Parents and carers’ views on reform of the school day and year in Wales

Post date: 
04 March 2022

This paper details the findings of a survey by Child Poverty Action Group and Parentkind, which sought to better understand the views of parents and carers in Wales on breakfast clubs, after-school provision and extra-curricular opportunities. We also asked parents and carers for their views on the length of the school year. Our survey with nearly 7,000 parents and carers looked at what provision already exists outside core school hours, recognising that many schools in Wales already offer a broad range of activities, as well as what parents would like to see on offer in the future. As the Welsh Government is seeking to narrow educational inequalities, this report puts a particular focus on the views of families living on a lower income (defined as those claiming means-tested benefits), highlighting what school activities and provision would be most beneficial to them and their children. 

Read the report


Key findings:
  • 4 in 5 parents in Wales would welcome the opportunity for their child to take part in a range of activities outside of core school hours, with physical activity and sport being the most popular option (64%). 

  • Primary school parents were more likely to want children to have access to extra art and drama activities (53%) and music activities (52%), while secondary parents favoured activities that focused on additional opportunities for academic learning (39%) and access to homework clubs (41%).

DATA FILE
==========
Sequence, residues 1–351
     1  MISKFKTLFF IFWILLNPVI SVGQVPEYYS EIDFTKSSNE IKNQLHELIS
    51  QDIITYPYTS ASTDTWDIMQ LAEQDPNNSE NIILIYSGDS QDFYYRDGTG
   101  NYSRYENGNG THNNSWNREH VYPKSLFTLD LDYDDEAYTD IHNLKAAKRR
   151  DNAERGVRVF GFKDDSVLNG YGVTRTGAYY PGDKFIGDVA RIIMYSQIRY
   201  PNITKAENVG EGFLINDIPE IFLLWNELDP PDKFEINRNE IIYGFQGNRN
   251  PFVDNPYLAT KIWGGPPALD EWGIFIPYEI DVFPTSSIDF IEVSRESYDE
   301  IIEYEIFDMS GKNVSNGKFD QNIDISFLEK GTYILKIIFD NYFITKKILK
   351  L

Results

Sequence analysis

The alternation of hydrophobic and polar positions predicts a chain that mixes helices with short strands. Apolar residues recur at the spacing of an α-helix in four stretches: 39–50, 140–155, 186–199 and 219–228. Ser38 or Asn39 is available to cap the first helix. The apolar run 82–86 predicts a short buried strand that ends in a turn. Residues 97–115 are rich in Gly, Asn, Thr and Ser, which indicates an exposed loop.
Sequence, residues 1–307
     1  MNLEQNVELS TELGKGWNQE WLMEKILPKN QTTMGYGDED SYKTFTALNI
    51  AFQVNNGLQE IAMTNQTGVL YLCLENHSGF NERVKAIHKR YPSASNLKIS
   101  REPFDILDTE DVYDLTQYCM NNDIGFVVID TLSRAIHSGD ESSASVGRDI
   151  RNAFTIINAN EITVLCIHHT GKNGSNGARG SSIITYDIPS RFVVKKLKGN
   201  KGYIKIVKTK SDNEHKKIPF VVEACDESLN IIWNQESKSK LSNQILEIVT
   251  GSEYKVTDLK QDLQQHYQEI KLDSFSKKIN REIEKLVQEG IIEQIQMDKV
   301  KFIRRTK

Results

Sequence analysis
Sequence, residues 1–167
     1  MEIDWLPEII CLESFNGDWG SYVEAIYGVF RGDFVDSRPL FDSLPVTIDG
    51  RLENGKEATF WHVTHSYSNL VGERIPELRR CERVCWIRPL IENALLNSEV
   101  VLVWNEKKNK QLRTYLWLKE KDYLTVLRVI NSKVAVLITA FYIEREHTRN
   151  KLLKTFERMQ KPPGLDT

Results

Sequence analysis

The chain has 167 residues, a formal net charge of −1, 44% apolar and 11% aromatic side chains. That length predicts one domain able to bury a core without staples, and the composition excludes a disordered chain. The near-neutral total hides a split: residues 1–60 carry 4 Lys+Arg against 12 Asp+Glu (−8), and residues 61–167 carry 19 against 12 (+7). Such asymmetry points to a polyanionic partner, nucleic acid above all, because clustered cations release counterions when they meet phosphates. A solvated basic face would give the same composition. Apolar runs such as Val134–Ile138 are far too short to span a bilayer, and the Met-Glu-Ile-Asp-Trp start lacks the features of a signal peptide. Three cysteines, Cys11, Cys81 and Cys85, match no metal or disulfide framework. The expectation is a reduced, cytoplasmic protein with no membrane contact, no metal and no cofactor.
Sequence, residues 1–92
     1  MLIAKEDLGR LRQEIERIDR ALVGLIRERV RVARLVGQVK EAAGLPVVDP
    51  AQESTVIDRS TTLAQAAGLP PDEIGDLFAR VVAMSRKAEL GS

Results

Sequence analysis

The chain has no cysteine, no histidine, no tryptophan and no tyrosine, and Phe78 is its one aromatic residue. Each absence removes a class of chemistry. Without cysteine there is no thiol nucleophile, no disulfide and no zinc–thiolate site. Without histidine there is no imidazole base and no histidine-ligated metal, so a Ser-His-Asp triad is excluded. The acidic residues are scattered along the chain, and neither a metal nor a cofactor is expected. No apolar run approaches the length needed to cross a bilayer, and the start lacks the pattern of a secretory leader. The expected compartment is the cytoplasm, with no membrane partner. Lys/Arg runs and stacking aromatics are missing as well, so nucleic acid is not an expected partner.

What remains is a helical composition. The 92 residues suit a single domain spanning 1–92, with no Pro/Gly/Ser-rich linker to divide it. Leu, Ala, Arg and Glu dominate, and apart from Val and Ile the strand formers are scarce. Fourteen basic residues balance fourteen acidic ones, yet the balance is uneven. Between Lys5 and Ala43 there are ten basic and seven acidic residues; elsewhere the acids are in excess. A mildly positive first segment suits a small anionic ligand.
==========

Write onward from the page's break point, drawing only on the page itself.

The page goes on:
• Over a third of primary parents living on a lower income (36%) reported that the option of after-school activities for their children would help them to work.
  • Despite the Welsh Government’s aim to ensure that all primary school children can access a free breakfast if they need one,  more than 1 in 7 primary school parents living on a lower income reported that they could not access a breakfast club, either because there wasn’t enough space for their child (numbers were limited) or because their school didn’t have any breakfast provision. Some schools also charge parents for breakfast provision which may act as a barrier for some families.  
  • Families living on a lower income were almost twice as likely as the wider sample (23% compared to 13%) to say that using breakfast clubs helped to reduce the cost of living.
  • The majority of all parents (56%) were supportive of a more evenly spread school year, but those living on a lower income expressed a greater interest in this option (59%).
  • Families that reported struggling with costs and childcare over the summer holidays were much more likely (72%) to be in favour of a more even school year including a shorter summer holiday. This compared to just 29% of families being in favour if they did not face these challenges.